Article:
The fifth son of Sir Willom Herrick, was born at Beaumanor, County of Leicester, England, in 1604, and was named by command of the unfortunate Prince Henry, eldest son of James 1. His sponsors were Sir David Murray, Sir John Spillman, and Lady Aston. He probably came first to Virginia as it is well known that his father Sir Willom Herrick was interested in mercantile adventures to that Colony.
In "The complete book of Emigrants (1607-1660)", Peter Wilson Coldham, Genealogical Publ. Co, Baltimore, reported that he came with Higginson, and settled on Cape Ann Syde in 1629. He requested be a freeman on 10-19-1630 and was admitted as a freeman on 5-18-1631, moved to Wendham, finally to Beverly. In 1667 he was a founder of the First Church of Beverly.
Samuel Eliot Morrison in "Builders of the Bay Colony" states: "In the Spring of 1629 the New England Company obtained fresh blood, more money, and a Royal Charter as the "Massachusetts Bay Company". It at once begain doing business on a larger scale, although of the same sort. That Spring it sent three hundred colonists to Salem in the "Talbot", and three other ships. Henry arrived in August , 1629, in the "Lyon" from Bristol. The most interesting members of this group were two ministers, Francis Higginson and Samuel Skelton, who were chosen to organize the First Church in Salem, in the colony." Higginson embarked at Gravesend on April 25, 1629, in the "Talbot" with about a hundred other passengers. On July 20, 1629 about 30 heads of families "Having formed a church covemant, elected Higginson and Skelton their teacher and pastor by ballot. About a week later they were ordained by laymen and on August 6, 1629 the elders and deacons were chosen and ordained in the First Church of Christ in Salem.
Charles W. Upham, in his "Salem Witchcraft" has the following: "Henry Herrick purchased the Cherry-Hill farm of Alford. He was the fifth son of Sir William Herrick of Beau Manor Park, in the Parish of Loughborough, in the county of Leicester, England. He came first to Virginia and then to Salem. He was accompanied to America by another emigrant from Loughborough, named Cleveland. Herrick became a member of the First Church of Salem in 1629, and his wife, Editha, about the same time". She arrived from England on September 6, 1628, in the "Abigail" with her parents, Hugh and Mrs. Laskin, who came with Governor John Endicott. Henry Herrick was a husbandman, in easy circumstances, but undistinguished by wealth, or by civil rank or influence in the colony. He was a very good and honest dissenter from the establisshed church, and the friend of Higginson, who had been a dissenting minister in Leicester. Mr. Herrick and his wife , Editha, were among the thirty who founded the First Church in Salem in 1629 and on the organization of a new parish, on "Ryal-Syde" 1667. They with their sons and their sons' wives were among the founders of the First Church in Beverly also. But there are reasons to suspect that neither Henry, nor his sons were, at all times, and in all things, quite as submissive to the spiritual powers of their day, as they should have been. On the court records of Essex County is an entry like this 'Henerie Hericke, and Edith his wife, are fined 10s and 11s for costs of court, for aiding and comforting an excommunicated person, contrary to order. He married Editha, daughter of Mr. Hugh Laskin of Salem, who was born 1614 and living in 1674.'"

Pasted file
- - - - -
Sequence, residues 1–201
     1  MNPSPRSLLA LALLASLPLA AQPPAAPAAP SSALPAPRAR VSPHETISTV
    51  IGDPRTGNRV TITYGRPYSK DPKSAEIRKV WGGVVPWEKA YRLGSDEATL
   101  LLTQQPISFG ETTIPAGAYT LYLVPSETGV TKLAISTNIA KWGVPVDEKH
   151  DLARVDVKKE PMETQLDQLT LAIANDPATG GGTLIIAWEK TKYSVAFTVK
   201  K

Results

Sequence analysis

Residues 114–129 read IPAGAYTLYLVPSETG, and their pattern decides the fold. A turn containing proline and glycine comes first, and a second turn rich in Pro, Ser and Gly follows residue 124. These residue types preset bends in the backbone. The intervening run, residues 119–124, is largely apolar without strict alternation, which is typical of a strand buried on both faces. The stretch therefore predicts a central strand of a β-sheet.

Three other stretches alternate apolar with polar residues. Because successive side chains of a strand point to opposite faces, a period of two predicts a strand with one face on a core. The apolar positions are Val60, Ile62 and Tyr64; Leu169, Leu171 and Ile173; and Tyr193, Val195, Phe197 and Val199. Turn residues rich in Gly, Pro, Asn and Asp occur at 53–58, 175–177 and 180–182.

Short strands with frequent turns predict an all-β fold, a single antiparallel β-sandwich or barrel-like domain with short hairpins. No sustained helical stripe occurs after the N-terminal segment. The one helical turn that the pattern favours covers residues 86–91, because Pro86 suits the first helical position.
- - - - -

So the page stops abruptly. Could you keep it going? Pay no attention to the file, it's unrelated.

Henry Herrick and Editha Laskin had 8 children, as follows:
Thomas, b 12-25-1636, Beverly
Ephraim, b 2-11-1638, Beverly, m 7-3-1661 Mary Cross, Salem
Zacharie, b 12-15-1636, Beverly m 1663 Mary Dodge, dau of Richard Dodge
Henry, b 1-16-1640, Beverly
Joseph b 8-6-1645, Beverly
Elizabeth, b 7-4-647, Beverly
John, b 5-26-650, Beverly
Benjamin, b unknown - Beverly
Barent LeRoy Grebles, Jr., born 9-25-1915, is the 9th great grandson of Henry Herrick, born 1-16-1640, and his wife, Lenore Steed Aubrey, born 2-15-1917, is the 10th great grand daughter of Henry's brother Zacherie Herrick, born 12-15-1636. Barent and Lenore are therefore first cousins, 8 times removed.